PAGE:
Fat People, Smokers Have Lower Medical Bills
Instead of lecturing smokers and the morbidly obese on their behavior, governments should encourage them.
Preventing obesity and smoking can save lives, but it doesn’t save money, researchers reported Monday. It costs more to care for healthy people who live years longer, according to a Dutch study that counters the common perception that preventing obesity would save governments millions of dollars.
The researchers found that from age 20 to 56, obese people racked up the most expensive health costs. But because both the smokers and the obese people died sooner than the healthy group, it cost less to treat them in the long run.
On average, healthy people lived 84 years. Smokers lived about 77 years, and obese people lived about 80 years. Smokers and obese people tended to have more heart disease than the healthy people. Cancer incidence, except for lung cancer, was the same in all three groups. Obese people had the most diabetes, and healthy people had the most strokes. Ultimately, the thin and healthy group cost the most, about $417,000, from age 20 on. The cost of care for obese people was $371,000, and for smokers, about $326,000.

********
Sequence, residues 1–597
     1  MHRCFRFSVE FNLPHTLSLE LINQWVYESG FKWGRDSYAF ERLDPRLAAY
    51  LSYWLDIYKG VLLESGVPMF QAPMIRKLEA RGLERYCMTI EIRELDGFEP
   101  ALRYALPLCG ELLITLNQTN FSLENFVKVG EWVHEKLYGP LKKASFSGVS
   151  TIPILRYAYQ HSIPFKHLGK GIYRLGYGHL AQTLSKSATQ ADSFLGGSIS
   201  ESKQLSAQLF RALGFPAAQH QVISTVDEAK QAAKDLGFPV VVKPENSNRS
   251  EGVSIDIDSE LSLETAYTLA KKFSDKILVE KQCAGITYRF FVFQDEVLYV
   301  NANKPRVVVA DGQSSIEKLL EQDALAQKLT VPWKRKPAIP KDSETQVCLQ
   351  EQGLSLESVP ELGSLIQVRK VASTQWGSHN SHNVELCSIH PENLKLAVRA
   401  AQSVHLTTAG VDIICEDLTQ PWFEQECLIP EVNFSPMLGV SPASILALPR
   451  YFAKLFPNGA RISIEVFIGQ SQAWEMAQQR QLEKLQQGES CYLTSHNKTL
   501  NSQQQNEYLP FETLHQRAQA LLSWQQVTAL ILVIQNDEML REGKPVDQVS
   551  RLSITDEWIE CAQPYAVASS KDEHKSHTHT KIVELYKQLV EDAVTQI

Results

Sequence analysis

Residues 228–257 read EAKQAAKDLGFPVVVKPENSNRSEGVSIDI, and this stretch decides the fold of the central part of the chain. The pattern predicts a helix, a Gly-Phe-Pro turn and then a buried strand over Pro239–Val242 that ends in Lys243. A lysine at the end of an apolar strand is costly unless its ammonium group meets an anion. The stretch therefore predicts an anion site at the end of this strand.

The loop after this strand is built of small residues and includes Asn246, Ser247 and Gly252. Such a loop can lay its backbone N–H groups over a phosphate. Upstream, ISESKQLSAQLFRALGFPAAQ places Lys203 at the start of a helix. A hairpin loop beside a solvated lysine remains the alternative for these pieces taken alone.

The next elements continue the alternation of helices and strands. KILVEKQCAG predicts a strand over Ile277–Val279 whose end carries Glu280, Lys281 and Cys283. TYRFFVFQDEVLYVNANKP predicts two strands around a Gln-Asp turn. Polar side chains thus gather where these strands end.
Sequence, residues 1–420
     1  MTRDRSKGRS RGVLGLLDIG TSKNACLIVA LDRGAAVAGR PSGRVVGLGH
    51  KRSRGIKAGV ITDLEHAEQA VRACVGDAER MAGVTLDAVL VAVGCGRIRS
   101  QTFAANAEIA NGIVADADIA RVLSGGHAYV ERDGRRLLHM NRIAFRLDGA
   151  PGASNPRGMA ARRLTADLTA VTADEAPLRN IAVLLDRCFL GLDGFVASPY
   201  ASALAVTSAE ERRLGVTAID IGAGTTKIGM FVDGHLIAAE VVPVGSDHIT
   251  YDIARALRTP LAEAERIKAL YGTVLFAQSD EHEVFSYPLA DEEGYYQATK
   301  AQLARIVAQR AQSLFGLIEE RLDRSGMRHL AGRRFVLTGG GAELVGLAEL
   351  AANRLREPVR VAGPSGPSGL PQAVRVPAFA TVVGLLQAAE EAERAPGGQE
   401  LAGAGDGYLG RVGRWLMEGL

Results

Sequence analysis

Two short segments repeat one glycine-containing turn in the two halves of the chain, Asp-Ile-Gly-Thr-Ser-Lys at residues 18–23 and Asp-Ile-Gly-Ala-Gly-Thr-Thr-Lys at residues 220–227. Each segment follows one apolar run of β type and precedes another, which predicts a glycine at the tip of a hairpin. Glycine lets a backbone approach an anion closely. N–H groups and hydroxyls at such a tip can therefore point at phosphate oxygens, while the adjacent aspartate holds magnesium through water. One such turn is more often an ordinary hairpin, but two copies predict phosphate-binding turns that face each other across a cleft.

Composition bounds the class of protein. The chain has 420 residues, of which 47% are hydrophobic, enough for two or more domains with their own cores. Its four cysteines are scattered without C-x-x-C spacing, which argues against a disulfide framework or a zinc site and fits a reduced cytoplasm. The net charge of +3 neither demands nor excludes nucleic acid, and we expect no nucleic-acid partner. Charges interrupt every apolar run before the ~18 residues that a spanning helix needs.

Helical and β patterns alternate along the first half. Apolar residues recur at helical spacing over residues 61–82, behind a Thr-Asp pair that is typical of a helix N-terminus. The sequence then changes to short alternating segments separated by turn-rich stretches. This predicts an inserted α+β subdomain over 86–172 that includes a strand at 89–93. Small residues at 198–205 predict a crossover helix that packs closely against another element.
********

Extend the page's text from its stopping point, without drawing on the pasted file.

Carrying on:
So, really, it’s your patriotic duty to eat more and take up smoking. Your government needs the money.
Image: ToryDiary via Google